Ofgem's Retail Market Review - Energy and Climate Change Contents

Examination of Witnesses (Questions 1-71)

Q1 Chair: Good morning and welcome to this meeting of the Committee. Thank you for making the time to come in. You will be aware that there is a great deal of interest in this session, particularly from consumers. Could I start by asking all of you whether you accept Ofgem's statement that it now has evidence that energy prices have tended to rise in response to wholesale cost increases more quickly than they have fallen with decreases in wholesale costs?

Sara Vaughan: Shall I make a start on that? I think if you look at what Ofgem says, they say that there is "some evidence" that prices move in that way. It is not a definitive conclusion. I think that whether they do or not depends on some of the assumptions that you make around the conditions that you apply when you do your modelling. For example, they are applying a flat 18-month hedge in doing their modelling, which is not necessarily the length of hedge that each of us at this table will apply. I think also that they suggest that there are some plausible reasons why, if that were the case, that might be the case and that this does not necessarily give rise to consumer harm. If you like, there are two halves of their statement, and they suggest that consumer harm isn't necessarily resulting as a consequence of this.

Also, I think if you take a step back from it—and I am not an economist, I am a lawyer; forgive me for that—I think you have to look at the actual end result of all of this and whether or not prices are going up faster than they are coming down or going down faster than they are coming up; what the end result is. If you make it as far as appendix 9 of Ofgem's document where they actually look at the profitability of the companies, you will see that they find that, over the period from 2005 to 2010, companies are only making a margin of 1.6%, which is well below the margin that they are seeing in supermarkets and other retailers. So it seems to me that those are the points that one should consider when looking at the suggestion that Ofgem makes.

David Mannering: Could I pick up on that, because this operates at a number of levels: so firstly, is the analysis accurate? Does it show that prices are going up more quickly than they are coming down? As E.ON said, that is not clear cut at all because they have made a number of assumptions.

Secondly, even if they did, are there valid explanations for why that might be? The answer is most certainly, yes, because we all incur significant costs in changing our prices. Supposing it costs £1 to write to each customer, that is £4 million possibly in our case. Companies have a motivation to minimise their costs to the benefit of customers by not changing prices too quickly. If you are in an environment—and there is evidence we have had more recently—where wholesale prices go up faster than they come down, then you might expect the retail price movements to follow that. In addition, if you are in an environment where there is continuous inflation, which of course we have, that is also an explanation for why you might find that prices go up more often than they go down. Because you are generally expecting price rises, and the cost minimising thing to do, in terms of how often you write to customers, drives you to that strategy. That is the second point. The third point is: even if it is true that prices did go up faster than they come down, which we do not accept, then that doesn't suggest in any way that the market is not competitive because for that you would need to look at profits over a sustained period.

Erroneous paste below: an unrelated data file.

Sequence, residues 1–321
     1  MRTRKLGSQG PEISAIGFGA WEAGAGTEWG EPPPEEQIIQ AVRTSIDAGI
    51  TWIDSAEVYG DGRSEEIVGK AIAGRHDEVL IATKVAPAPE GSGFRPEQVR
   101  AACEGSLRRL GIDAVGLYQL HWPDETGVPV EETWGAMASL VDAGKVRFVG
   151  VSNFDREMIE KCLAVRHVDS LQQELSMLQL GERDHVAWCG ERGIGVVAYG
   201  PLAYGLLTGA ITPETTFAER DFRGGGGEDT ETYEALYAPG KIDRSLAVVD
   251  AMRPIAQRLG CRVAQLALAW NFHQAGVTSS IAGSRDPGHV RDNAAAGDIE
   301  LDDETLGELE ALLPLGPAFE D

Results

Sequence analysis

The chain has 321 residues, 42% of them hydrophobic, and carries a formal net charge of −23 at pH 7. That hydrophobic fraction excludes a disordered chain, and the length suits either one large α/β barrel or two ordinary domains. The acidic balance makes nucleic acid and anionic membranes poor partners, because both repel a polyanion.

Q2 Chair: Ofgem did not do that, obviously?

David Mannering: No.

Sara Vaughan: What they did look at, as I said, in appendix 9 of volume 2 of the document; the profits that they did look at, their finding was that the profits were rather below what they would expect.

David Mannering: Yes, that is true. Yes, for the period that they did look at.

John Campbell: Can I come back to the point of the absolute level of profits? Our retail margin has been between 1% and 2% consistently over the past two or three years. We don't believe that that is an unreasonable margin. We believe that is a very tight margin to be operating at, particularly for a business that has huge investment in smart metering, and then to deliver the Government's objectives on energy efficiency and sustainability—

Chair: My question was not whether your margins are sufficient. I said: do you accept Ofgem's statement. Mr Campbell is answering. Do you accept the statement or not?

John Campbell: No, I don't believe that the evidence provided would justify the statement. I think there are some questions about the analysis and the implications of the finding, even if it was true, about whether it is a competitive market.